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Building Success: Unveiling the Myths of Willpower

Updated: Jan 21

Are you among those who made resolutions this year, aiming for transformations in weight loss, career, or relationships? The common tool we often rely on—willpower—might not be the key to success. Grappling with temptations and feeling inferior to seemingly successful individuals can be discouraging, but what if there's a different approach?


Embark on a journey of self-reflection and question the myths surrounding willpower. Discover how a German research team debunked the myth that "self-disciplined people have stronger willpower."




In an intriguing experiment, participants were tasked with eating only vegetables and fruits while surrounded by tempting cookies and candies. Contrary to expectations, those labeled as self-disciplined indulged more. Post-questionnaires revealed that self-disciplined individuals didn't rely on sheer willpower but employed a different strategy—avoiding temptations from the beginning. The researchers likened willpower to a muscle: the more you use it, the stronger it becomes. However, self-disciplined individuals excel not in flexing this muscle but in strategically evading temptations.


As you navigate the challenges, consider asking yourself powerful questions. The narrative you create for yourself is crucial, shaping your mindset and actions. For example, which is more empowering to you, “I’m not doing enough” or “I’m capable of more”? Challenge the notion that success might solely hinge on discipline.




When your automatic self-narrative is “I’m not good enough,” one question you can ask yourself is, "Is it really true!?” Even if it’s hard to think in any other way, you could ask, “What if that's not true?" The second question you can ask yourself is "What was I trying to avoid when I was resisting?" Often, the answer is "depletion." Your brain interprets the depletion as a threat, happening on the subconscious level. But if you are aware of this mechanism, you could intervene by asking yourself the next question: "Is this depleted feeling truly threatening my life?" Even if no, it's still likely you'll feel depleted—it's as if your tank of "desire" is leaking fast. The final question to ask yourself is, "What can I use to fill my desire tank, without compromising my goal?" The above might seem like a lengthy process, but a set of these questions may be a more reasonable, sustainable approach—certainly easier to practice, making it worth trying.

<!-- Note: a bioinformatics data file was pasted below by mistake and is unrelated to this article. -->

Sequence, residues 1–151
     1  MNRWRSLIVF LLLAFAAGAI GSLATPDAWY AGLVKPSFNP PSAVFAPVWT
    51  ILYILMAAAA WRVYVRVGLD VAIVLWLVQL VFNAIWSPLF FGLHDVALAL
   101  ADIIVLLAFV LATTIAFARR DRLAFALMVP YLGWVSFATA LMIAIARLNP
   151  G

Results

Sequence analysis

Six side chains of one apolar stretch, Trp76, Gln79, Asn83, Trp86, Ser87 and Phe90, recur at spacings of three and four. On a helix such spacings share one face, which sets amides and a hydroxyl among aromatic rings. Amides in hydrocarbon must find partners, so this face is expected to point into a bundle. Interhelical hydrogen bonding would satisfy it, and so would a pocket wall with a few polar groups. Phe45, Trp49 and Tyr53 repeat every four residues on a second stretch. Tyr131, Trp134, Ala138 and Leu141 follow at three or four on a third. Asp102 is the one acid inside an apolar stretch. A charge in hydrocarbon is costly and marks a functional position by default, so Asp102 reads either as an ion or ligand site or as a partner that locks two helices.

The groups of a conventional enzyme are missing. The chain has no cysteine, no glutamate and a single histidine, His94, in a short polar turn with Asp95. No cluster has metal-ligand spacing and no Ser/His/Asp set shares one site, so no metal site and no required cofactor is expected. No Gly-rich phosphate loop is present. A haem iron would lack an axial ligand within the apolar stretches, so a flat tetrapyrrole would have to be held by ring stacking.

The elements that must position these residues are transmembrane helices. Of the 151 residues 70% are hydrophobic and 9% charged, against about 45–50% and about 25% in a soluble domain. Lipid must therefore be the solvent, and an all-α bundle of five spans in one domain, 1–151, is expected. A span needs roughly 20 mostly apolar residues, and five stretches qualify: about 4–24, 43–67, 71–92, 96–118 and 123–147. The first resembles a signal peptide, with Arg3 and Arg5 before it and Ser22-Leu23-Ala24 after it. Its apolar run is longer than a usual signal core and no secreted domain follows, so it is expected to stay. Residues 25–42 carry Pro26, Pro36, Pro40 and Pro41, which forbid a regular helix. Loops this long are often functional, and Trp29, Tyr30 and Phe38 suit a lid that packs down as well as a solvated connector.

Another common feeling we automatically avoid is humiliation or frustration. Our brain again interprets these as life-threatening experiences. Our nervous system is like a smoke detector—it detects a threat and warns you. However, the difference from a smoke detector is that the nervous system cannot tell if the threat is in real time or a potential one in the future—even if the possibility may be slim. So, first, assure yourself that you are safe. You might also notice your body is tense due to the automatic signals from the nervous system. You could move your body to loosen up. You could smile by lifting both corners of your mouth. Along with a set of questions you can ask yourself, these are also easy techniques to intentionally bring yourself back to a "safe home." As you practice this skill, notice you become more willing to expose yourself to negative feelings, such as fear, frustration, even humiliation.


The ability to feel any feelings combined with the skill to process the feelings will take you a transformation that you’d never imagined.





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